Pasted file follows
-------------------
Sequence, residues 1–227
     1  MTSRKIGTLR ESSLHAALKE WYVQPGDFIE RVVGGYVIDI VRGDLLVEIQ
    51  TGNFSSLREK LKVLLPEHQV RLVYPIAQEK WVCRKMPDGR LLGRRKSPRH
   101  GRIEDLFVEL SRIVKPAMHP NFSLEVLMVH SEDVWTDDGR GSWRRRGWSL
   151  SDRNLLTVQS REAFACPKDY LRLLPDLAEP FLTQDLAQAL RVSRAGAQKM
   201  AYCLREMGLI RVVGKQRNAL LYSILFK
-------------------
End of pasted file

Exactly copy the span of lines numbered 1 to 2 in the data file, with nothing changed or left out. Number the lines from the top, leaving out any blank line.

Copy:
Sequence, residues 1–227
     1  MTSRKIGTLR ESSLHAALKE WYVQPGDFIE RVVGGYVIDI VRGDLLVEIQ